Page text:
Academic Editor: Suzanne C. Cannegieter, Leiden University Medical Center, NETHERLANDS

Received: January 6, 2020; Accepted: June 3, 2020; Published: June 26, 2020

Copyright: © 2020 Geersing et al. This is an open access article distributed under the terms of the Creative Commons Attribution License, which permits unrestricted use, distribution, and reproduction in any medium, provided the original author and source are credited.

Data Availability: Data from this randomized controlled trial cannot be shared publicly because this study includes human research participant data and prior to sharing data, consulting an ethics committee is needed to ensure data are shared in accordance with participant consent and all applicable local laws. Data are available from the Institutional Data Access (contact via [email protected]) for researchers who meet the criteria for access to confidential data, accompanied with a protocol describing the research questions aimed to answer.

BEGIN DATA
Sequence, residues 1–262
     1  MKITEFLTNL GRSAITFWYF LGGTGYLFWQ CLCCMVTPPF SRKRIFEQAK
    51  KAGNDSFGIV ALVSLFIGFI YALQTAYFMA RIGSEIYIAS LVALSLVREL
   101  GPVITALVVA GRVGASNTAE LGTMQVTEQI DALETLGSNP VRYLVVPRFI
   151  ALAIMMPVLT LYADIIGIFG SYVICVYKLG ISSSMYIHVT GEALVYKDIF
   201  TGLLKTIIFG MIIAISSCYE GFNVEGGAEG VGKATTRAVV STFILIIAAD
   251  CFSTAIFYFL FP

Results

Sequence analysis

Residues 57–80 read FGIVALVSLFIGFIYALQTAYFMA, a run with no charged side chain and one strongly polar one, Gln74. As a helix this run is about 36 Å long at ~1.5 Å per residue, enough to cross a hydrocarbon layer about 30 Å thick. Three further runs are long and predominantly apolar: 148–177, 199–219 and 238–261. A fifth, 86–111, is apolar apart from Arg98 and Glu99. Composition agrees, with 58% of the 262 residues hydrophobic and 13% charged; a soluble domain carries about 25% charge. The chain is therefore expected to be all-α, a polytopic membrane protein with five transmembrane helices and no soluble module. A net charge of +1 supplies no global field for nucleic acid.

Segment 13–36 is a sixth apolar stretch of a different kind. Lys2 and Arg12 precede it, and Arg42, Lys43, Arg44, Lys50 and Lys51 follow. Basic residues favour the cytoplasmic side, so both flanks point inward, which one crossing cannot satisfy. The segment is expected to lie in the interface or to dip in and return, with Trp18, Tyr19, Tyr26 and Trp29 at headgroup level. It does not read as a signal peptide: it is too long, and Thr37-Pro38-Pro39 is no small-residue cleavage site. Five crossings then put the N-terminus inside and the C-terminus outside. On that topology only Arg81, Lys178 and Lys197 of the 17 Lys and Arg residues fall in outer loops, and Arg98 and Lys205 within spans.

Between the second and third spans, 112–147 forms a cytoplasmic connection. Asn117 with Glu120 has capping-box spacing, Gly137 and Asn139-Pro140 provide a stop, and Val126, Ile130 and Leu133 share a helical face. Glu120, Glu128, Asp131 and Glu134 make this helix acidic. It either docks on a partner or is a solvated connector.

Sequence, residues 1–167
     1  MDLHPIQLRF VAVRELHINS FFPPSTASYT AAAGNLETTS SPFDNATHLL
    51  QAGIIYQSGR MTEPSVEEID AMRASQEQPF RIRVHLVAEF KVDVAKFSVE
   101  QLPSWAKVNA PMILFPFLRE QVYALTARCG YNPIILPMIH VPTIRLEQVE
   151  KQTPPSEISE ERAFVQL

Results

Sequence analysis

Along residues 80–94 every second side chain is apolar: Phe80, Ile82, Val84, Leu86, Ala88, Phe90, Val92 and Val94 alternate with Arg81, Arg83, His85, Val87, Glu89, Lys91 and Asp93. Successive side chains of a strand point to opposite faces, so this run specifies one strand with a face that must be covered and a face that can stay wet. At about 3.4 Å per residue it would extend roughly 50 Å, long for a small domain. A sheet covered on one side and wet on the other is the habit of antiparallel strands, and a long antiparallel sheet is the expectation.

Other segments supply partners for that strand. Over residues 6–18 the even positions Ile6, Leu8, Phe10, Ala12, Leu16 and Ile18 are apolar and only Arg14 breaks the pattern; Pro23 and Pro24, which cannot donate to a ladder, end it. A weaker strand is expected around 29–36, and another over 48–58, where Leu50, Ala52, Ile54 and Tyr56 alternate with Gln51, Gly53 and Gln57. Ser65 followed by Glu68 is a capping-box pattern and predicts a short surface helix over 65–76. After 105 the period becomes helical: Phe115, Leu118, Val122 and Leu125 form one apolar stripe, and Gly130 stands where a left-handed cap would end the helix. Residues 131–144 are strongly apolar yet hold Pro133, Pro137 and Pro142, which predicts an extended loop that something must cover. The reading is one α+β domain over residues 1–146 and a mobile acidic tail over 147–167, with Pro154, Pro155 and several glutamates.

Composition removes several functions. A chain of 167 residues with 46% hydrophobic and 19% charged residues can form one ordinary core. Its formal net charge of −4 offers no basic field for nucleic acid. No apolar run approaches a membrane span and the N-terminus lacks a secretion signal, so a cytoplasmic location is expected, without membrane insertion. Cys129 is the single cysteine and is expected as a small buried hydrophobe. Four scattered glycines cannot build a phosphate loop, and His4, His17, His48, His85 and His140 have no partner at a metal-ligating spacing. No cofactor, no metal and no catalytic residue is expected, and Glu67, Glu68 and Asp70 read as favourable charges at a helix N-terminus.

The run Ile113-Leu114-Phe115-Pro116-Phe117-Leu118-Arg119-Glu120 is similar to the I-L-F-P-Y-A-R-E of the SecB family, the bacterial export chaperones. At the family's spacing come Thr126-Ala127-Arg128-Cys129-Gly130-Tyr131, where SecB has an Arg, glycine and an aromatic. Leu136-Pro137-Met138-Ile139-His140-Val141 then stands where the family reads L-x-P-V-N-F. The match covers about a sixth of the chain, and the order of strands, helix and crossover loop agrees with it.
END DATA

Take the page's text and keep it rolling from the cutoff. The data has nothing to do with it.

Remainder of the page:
Funding: The study received funding from the Netherlands Organisation for Health Research and Development (ZonMw grant number 171002214, KGMM was the receiving grant holder, URL: www.zonmw.nl). KGMM received a grant from The Netherlands Organization for Scientific Research (ZonMw 91810615 and 91208004; URL: www.zonmw.nl). GJG is supported by a VENI and VIDI grant from the Netherlands Organisation for Health Research and Development (ZonMw numbers 016.166.030 and 016.196.304; URL: www.zonmw.nl). The funders had no role in study design, data collection and analysis, decision to publish, or preparation of the manuscript.

Competing interests: The authors have declared that no competing interests exist.

Abbreviations: CRNM, clinically relevant non-major; DVT, deep vein thrombosis; ISTH, International Society on Thrombosis and Haemostasis; ITT, intention to treat; NOAC, non-vitamin K antagonist oral anticoagulant; PE, pulmonary embolism; VPM, Vienna Prediction Model; VTE, venous thromboembolism